Rural workers in the fields in Mengcheng county, Anhui province, which operates the land rights transfer system. [Photo by Hu Weiguo / for China Daily]
A farmer shows off his produce in Xiaogang village, Anhui province. [Photo/Xinhua]
When Shi Quan arrived in Fengyang, Anhui province in 2006, he immediately sensed a business opportunity.
Shi realized that the system whereby farmers worked scattered plots of often unproductive land was outdated, so he set about changing it.
The recent graduate persuaded a group of farmers in Dawangfu, a village in Fengyang county, to rent him the rights to their adjoining fields and began growing greenhouse vegetables, flowers and garden plants on an extended scale. His intensive regime and his increased use of new technology proved far more efficient than the old system, increasing output by as much as 500 percent.
"Modern agriculture requires the integration of resources and management of scale," he said. "And land is the most important resource of all."
The idea quickly caught on. Within a short time, businesspeople and some of the more enlightened villagers started renting the rights to forgotten or fragmented pieces of land in the village, located 500 kilometers southwest of Shanghai.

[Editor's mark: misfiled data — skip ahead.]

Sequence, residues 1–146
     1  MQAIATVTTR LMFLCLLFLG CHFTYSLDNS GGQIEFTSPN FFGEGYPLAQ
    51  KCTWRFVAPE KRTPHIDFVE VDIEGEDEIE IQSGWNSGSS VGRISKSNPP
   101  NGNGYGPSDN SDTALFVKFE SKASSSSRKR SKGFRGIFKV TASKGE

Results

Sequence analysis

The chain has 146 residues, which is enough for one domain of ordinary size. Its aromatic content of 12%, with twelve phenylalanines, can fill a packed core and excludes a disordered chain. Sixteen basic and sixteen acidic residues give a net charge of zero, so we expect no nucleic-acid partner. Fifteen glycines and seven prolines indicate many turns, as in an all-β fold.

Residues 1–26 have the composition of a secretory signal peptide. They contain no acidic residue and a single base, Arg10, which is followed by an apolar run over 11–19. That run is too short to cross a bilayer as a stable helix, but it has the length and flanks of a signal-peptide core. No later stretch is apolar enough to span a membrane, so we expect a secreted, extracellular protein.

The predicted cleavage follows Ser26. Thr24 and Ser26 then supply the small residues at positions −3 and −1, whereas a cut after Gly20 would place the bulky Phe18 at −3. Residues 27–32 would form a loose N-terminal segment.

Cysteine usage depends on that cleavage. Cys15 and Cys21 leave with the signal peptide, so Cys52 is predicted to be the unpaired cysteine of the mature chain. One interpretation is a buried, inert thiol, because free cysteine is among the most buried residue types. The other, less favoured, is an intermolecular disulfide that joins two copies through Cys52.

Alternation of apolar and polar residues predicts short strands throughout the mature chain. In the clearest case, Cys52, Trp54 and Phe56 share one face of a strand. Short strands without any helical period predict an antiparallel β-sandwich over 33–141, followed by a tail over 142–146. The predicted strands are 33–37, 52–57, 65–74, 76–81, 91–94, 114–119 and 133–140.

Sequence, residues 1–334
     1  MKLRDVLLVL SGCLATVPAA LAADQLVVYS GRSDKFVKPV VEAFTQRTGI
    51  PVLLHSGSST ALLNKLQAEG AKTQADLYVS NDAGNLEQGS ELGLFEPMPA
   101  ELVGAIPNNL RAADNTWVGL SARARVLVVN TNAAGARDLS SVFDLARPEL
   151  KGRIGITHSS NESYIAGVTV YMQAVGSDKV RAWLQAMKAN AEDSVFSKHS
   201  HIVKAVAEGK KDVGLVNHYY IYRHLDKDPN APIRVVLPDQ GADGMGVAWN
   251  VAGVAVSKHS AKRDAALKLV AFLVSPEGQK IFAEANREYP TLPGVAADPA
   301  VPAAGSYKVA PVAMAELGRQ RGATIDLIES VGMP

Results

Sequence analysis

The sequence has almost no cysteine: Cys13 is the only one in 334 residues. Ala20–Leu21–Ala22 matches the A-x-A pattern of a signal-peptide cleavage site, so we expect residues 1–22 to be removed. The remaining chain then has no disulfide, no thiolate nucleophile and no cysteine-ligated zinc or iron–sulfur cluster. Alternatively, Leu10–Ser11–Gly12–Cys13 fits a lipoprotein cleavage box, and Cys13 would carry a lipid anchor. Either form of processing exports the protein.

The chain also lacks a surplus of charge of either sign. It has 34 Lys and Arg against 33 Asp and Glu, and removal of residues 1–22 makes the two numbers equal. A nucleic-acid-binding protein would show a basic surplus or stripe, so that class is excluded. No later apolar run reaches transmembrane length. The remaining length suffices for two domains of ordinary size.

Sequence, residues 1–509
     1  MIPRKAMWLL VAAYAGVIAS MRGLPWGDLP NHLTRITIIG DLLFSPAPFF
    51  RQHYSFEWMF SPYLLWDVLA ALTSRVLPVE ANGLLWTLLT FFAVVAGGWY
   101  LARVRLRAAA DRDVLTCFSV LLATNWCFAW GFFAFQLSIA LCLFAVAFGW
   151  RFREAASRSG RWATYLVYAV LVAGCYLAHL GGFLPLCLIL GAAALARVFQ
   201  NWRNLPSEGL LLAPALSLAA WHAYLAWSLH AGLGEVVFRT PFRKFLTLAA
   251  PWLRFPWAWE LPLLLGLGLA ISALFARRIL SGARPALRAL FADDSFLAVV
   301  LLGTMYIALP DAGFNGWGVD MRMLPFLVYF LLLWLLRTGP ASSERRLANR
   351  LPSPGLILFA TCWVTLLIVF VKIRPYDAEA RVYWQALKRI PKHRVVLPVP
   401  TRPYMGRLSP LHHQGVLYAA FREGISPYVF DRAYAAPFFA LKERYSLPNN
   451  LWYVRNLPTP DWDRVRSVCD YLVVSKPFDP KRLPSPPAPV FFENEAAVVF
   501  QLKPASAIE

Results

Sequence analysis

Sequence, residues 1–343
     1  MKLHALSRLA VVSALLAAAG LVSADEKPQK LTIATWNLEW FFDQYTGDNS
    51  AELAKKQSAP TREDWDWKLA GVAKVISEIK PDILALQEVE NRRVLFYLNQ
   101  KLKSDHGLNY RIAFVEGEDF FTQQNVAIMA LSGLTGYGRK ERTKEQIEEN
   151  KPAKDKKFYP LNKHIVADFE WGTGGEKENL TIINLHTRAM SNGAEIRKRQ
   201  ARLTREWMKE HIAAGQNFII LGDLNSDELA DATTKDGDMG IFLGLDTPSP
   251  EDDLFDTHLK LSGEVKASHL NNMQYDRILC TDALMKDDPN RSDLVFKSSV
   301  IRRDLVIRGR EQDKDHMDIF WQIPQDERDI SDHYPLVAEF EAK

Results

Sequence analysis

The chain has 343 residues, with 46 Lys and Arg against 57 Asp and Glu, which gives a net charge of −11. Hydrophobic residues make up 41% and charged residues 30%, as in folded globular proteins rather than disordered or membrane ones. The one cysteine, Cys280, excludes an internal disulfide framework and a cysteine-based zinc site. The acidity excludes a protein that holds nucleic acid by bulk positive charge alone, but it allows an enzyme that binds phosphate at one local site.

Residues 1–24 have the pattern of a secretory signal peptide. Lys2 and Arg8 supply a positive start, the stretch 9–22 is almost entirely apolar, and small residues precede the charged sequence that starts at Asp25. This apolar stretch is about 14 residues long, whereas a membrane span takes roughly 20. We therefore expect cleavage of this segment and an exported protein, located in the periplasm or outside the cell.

Shi and his fellow entrepreneurs were pioneers. A pilot program was launched later in some parts of Anhui and a number of other provinces that allowed farmers to swap, rent out or subcontract work on their land.
In 2008, the authorities in Fengyang set up the Fengyang Rural Land Transfer Trading Center to facilitate the transfer of land-use rights and legitimize those that had already taken place. Yiwu in Zhejiang province, the Pinggu district of Beijing and the Wuqing district in Tianjin followed in Fengyang's footsteps and established similar agencies.
The program is now regarded as a potential major reform in the agricultural sector and is seen by some as a successor to the "household contract responsibility system", which began in Xiaogang - also in Fengyang county - in the late 1970s and was quickly adopted nationwide.
The household contract responsibility system allowed families to run farms independently, even though the land remained in the ownership of the rural collective. But as time goes by, the once efficient system has proved it's not perfect. The farming practice based on individual households has low efficiency and cannot meet the demands of modern agricultural development. Farmers working individually on a small plot they contract fail to compete with big professional rural groups that work on large pieces of land.